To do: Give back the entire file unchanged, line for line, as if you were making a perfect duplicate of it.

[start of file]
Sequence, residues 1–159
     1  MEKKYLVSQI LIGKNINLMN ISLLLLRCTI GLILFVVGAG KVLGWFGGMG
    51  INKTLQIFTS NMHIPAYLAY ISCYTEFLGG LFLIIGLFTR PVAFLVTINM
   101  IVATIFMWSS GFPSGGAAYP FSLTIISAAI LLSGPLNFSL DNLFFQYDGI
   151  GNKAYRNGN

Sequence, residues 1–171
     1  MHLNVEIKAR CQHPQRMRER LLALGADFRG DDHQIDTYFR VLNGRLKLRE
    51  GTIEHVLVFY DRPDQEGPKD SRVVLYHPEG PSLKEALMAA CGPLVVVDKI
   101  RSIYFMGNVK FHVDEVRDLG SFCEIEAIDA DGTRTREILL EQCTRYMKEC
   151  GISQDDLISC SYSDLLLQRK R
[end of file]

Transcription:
Sequence, residues 1–159
     1  MEKKYLVSQI LIGKNINLMN ISLLLLRCTI GLILFVVGAG KVLGWFGGMG
    51  INKTLQIFTS NMHIPAYLAY ISCYTEFLGG LFLIIGLFTR PVAFLVTINM
   101  IVATIFMWSS GFPSGGAAYP FSLTIISAAI LLSGPLNFSL DNLFFQYDGI
   151  GNKAYRNGN

Sequence, residues 1–171
     1  MHLNVEIKAR CQHPQRMRER LLALGADFRG DDHQIDTYFR VLNGRLKLRE
    51  GTIEHVLVFY DRPDQEGPKD SRVVLYHPEG PSLKEALMAA CGPLVVVDKI
   101  RSIYFMGNVK FHVDEVRDLG SFCEIEAIDA DGTRTREILL EQCTRYMKEC
   151  GISQDDLISC SYSDLLLQRK R